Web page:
Despite this newfound focus, the band hasn’t completely abandoned its genre-hopping ways. Cudmore raps on the woozy “Grandfather of the Buffalo,” while the title track veers between a steadily chugging chorus and jazzy, syncopated verses. And the lyrics are just as whimsical as they were on the debut; opening track “Cavity” begins with the line “Did you know most things are microwaveable? / Have a fine time on the frontier dunging out the stable.” This time around, however, the quirkiness serves to offset the chilly atmospherics, and rarely comes off as cloying.

mp3: “Where Were You in the Wild?”

“Wild” it definitely isn’t, but Where Were You in the Wild? is a confident step forward for Language-Arts.
 
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That’s my man, that’s my brother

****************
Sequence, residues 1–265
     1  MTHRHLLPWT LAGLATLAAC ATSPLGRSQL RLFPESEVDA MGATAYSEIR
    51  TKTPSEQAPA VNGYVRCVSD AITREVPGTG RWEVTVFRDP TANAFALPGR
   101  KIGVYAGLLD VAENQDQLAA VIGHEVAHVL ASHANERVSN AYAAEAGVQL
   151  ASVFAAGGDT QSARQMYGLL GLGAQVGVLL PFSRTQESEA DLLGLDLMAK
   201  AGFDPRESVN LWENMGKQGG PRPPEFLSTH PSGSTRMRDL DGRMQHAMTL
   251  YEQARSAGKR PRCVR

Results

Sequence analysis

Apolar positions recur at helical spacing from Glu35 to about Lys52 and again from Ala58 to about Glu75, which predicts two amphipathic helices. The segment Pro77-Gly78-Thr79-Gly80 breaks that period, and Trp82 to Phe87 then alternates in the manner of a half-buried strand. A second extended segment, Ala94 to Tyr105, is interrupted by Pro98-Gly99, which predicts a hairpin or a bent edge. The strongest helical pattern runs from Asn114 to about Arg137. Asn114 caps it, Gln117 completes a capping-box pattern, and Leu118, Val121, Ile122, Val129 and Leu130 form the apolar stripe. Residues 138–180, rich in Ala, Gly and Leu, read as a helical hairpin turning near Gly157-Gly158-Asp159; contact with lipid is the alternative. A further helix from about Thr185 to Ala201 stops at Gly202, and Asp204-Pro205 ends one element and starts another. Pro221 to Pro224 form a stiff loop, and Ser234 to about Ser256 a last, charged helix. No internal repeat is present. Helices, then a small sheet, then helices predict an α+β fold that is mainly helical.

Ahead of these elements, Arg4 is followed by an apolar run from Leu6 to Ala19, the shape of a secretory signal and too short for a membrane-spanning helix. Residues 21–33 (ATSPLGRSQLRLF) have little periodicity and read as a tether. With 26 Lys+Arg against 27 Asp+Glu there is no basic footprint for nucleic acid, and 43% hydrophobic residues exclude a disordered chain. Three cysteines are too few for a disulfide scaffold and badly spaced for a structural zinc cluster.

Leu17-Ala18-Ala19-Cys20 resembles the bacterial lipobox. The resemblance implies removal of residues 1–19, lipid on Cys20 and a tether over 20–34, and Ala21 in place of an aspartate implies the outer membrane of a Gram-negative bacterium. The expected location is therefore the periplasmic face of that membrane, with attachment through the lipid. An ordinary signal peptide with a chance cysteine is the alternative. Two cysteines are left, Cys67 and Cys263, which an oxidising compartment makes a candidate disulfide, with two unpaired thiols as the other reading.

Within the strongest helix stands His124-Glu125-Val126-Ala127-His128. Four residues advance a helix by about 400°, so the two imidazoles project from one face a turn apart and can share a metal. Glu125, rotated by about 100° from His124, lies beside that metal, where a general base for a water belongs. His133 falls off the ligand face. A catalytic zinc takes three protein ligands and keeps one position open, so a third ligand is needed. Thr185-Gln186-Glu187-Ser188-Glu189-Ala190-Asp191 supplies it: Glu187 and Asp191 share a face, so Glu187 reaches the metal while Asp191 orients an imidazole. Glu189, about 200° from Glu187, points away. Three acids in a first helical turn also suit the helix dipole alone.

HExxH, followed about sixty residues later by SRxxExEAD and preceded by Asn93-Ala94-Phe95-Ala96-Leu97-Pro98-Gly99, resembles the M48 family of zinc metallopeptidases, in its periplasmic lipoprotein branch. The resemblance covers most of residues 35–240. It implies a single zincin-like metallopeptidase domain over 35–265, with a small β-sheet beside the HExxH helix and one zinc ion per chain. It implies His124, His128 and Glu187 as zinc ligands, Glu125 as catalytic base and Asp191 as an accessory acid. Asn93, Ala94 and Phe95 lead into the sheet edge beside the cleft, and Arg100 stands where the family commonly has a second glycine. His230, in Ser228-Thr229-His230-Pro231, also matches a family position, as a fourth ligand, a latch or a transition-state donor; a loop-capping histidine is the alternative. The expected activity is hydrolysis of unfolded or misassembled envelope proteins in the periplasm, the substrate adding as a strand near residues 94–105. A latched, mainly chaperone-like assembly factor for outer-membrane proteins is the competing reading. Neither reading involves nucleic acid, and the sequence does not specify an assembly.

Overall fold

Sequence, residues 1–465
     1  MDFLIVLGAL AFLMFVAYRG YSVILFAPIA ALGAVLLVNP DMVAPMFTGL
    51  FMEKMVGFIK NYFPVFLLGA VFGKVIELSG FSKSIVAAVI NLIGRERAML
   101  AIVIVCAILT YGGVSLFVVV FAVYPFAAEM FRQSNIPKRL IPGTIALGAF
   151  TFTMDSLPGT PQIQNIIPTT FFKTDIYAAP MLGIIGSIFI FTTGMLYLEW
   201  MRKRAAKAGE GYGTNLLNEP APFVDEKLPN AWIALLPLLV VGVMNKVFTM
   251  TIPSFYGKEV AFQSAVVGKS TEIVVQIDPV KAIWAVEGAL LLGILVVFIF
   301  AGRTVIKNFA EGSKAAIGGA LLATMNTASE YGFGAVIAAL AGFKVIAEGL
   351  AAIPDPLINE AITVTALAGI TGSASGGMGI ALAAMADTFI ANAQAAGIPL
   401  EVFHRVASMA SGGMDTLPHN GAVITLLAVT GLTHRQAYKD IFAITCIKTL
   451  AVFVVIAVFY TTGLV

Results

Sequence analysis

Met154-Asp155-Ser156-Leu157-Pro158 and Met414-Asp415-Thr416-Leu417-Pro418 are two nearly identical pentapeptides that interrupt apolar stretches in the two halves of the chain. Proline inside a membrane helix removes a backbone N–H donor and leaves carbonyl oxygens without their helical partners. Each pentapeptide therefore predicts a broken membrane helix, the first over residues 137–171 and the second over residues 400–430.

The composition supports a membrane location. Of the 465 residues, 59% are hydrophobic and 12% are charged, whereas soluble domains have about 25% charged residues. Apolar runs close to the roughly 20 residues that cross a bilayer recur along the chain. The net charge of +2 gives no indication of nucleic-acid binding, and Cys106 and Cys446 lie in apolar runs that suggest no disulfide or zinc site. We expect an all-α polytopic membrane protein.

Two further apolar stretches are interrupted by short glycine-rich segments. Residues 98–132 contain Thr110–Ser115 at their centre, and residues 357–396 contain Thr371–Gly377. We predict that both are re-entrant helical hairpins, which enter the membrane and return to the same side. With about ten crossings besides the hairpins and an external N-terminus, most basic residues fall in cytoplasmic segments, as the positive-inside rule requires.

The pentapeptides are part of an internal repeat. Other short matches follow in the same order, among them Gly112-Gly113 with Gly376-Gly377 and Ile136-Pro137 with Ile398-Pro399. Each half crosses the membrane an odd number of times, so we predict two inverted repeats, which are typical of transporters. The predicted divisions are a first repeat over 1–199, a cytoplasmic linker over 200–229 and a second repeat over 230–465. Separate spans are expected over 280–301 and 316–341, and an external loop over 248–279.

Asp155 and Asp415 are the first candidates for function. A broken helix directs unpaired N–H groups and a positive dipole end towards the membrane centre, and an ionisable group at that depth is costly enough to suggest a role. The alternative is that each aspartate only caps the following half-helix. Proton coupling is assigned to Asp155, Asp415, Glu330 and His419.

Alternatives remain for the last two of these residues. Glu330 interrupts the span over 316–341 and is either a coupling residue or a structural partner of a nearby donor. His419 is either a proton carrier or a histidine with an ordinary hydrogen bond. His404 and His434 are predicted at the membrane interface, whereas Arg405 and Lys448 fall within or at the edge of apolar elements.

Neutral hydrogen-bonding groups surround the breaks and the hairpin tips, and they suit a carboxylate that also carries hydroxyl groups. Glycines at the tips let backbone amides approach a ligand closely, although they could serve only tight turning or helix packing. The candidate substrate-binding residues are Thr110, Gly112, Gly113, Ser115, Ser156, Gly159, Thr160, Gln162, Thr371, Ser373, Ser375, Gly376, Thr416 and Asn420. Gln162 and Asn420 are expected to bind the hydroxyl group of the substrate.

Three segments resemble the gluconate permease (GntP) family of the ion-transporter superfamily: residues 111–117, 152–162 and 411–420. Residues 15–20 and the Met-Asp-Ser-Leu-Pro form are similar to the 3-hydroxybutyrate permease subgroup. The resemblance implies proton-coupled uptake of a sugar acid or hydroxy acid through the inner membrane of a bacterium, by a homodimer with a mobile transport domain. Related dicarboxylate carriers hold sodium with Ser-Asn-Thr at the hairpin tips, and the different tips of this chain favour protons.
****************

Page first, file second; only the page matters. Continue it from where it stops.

Aidan Knight
Earlier this year, I wrote about Aidan Knight‘s Pre-Release EP, a teaser previewing tracks from his then-untitled debut full-length. Although it only contained two songs, it gave good reason to get excited about the LP; the timeless acoustic strummer “Jasper” was especially compelling, its delicate folk arrangement as uplifting as its baptismal lyrics.

Pre-Release EP has since been taken down, but details about the album have finally emerged. It’s called Versicolour, and is due out early next year via the imprint Adventure Boys Club. “Jasper” is the first single, and as well as receiving a sparkling new mix, the song now has an accompanying video. It’s mostly stop motion animation, showing a ball of string swirling around a bowl of cereal. It ends with a party scene, young and old coming together over drinks and homemade pizza. It’s a heart-warming clip, befitting the song’s communal vibe.